Review by Adam Donato
The best and worst thing for the marketing of this remake is that the original film was directed by Steven Spielberg (who also serves as a producer here). It puts butts in seats, but it also comes with lofty expectations. Luckily, there’s full support from the stars of the original. Still, remake holds its own because the changing of the genre. Who doesn’t like musicals? It seems a good chunk of audiences don't, as studios are disguising their musicals as regular movies. The Color Purple is the least of these recent offenders as the music is front and center in the marketing. Will this musical push pay dividends, or should this story have stayed in the eighties?
Like it or not, the theater experience is a communal one. Some movies capture the passion of audiences in an almost interactive way. The Color Purple is sure to inspire elation from its audience as it is a full meal of a movie. The tragedy is heartbreaking. The struggle is torturous. The pursuit of justice is a triumph. The music puts an exclamation mark on all of these emotions. The story is one most of the target demographic has probably seen before, and they're rewarded with little winks to the original film. Save movies like The Holdovers for midweek afternoons, The Color Purple is for Friday night. It's sure to inspire people to feel their hearts out and join in on the fun.
When it was announced there was a remake of The Color Purple, it was refreshing to hear they're coming at the story from a new angle. The musical aspect of the movie makes the story more upbeat than the original, which can sometimes conflict with a story mainly about female suffering. This line is toed well, though, as the music emphasizes how uplifting the story is supposed to be. The most fun number is "Hell No!" by Danielle Brooks. Meanwhile, the most powerful number comes from Fantasia Barrino with "I'm Here." While it does come too late in the story, it's such a triumphant number.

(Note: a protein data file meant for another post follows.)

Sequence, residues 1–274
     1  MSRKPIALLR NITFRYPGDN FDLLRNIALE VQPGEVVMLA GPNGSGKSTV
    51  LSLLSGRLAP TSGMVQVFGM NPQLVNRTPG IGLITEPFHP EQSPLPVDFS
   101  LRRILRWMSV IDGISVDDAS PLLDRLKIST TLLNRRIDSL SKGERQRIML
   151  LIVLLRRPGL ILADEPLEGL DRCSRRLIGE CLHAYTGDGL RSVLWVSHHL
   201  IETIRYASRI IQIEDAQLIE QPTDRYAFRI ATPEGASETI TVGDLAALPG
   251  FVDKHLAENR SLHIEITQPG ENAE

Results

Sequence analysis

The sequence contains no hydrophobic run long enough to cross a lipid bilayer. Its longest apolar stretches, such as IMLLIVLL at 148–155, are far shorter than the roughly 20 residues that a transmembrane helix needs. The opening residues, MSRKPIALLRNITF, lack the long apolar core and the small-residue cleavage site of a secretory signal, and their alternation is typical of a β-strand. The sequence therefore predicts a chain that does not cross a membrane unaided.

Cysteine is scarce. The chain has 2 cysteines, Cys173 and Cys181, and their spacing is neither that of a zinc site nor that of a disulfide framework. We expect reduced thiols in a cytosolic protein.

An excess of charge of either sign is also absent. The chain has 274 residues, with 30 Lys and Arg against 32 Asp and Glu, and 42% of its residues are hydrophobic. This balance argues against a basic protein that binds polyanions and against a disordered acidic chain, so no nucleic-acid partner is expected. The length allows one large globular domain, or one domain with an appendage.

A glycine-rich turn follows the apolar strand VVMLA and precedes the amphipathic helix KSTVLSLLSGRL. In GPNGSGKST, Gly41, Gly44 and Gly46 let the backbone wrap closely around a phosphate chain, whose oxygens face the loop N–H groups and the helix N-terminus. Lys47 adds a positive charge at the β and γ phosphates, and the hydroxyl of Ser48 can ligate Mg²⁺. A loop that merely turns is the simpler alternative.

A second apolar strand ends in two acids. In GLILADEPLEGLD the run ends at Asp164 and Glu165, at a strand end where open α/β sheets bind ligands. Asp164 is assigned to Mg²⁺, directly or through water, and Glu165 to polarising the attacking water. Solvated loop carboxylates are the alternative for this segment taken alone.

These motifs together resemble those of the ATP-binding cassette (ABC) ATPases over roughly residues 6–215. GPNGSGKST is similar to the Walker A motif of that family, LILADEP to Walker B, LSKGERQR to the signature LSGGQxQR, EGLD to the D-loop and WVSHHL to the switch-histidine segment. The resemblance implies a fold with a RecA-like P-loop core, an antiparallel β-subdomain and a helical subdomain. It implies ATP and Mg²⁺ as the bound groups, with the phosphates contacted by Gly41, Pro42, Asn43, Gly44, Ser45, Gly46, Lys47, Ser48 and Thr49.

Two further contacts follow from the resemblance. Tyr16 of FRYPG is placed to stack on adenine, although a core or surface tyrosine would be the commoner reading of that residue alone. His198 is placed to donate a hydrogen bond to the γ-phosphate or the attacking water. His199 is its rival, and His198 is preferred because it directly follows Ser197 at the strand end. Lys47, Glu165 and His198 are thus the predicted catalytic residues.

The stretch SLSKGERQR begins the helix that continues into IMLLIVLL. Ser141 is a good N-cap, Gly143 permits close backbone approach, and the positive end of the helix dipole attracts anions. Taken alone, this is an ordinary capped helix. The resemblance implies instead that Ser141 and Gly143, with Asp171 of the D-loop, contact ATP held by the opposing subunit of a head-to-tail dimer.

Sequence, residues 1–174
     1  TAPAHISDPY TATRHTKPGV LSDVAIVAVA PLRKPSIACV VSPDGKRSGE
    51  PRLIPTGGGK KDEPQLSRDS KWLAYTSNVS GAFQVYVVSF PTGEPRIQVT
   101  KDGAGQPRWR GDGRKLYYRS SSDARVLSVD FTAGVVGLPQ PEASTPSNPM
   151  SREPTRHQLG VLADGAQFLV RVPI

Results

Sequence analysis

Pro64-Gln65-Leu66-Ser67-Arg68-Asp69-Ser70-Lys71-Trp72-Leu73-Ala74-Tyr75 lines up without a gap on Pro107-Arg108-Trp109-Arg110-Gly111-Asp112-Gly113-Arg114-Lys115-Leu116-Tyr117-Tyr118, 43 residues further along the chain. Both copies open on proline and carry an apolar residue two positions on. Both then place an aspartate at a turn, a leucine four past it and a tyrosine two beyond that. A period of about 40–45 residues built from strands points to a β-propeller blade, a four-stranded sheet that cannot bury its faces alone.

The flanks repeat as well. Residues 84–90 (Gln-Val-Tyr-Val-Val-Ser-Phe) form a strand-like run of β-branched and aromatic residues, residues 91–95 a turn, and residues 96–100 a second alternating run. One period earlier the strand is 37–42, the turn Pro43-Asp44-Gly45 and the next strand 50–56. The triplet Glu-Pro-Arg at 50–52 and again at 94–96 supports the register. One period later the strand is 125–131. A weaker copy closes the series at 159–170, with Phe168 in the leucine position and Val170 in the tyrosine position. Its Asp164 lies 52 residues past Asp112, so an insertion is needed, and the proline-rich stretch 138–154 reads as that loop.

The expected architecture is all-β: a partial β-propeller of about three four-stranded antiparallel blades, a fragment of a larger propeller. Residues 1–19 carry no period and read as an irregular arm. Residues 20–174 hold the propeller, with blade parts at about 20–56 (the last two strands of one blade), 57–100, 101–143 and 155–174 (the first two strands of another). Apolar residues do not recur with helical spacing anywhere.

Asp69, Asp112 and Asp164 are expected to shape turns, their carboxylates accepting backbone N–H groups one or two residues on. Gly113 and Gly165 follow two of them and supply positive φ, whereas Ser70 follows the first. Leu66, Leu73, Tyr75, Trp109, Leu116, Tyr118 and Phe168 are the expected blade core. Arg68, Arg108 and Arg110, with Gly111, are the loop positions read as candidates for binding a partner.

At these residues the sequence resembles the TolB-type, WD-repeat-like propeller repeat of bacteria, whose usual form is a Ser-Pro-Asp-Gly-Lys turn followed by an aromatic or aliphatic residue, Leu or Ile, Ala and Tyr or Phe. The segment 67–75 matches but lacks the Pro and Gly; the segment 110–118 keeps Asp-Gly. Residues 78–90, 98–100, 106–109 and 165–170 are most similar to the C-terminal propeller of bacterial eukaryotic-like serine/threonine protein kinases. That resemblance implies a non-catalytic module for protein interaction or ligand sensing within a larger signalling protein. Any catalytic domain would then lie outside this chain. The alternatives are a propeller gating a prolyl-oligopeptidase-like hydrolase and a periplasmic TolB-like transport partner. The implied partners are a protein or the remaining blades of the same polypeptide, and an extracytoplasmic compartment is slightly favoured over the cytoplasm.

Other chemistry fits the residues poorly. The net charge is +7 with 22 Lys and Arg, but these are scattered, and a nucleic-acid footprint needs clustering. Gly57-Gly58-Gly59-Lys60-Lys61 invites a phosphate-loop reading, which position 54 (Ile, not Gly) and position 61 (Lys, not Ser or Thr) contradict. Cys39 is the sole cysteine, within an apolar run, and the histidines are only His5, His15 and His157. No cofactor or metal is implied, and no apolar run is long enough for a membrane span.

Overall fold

Barrino and Brooks are definite stars in The Color Purple. Barrino is the more likely of the two to get nominated, but it would be no surprise to see Brooks getting a Supporting Actress nomination. What Barrino brings to the lead role is special. She has the kind of smile that looks like she's holding in a laugh. It's very infectious. Especially since it's a character that faces so many hardships, when the audience gets to see her smile, it's a blessing. These are two smaller-time actresses who hopefully get more of the spotlight going forward after these standout performances. The rest of the cast was good as well, including Colman Domingo and Taraji P. Henson. Hopefully, musical regulars of today, like Halle Bailey and Corey Hawkins, will keep the ball rolling as well.
The Color Purple gives a musical adaptation that stands on its own with the original. The songs bring life to a sad tale, and the new cast is exciting. There's a world where this movie dominates the Christmas box office and sneaks its way into the Best Picture race. While the public opinion of musicals has not been too favorable, musicals like this are going out of their way to make a case for their continuation.
The Color Purple hits theaters on December 25.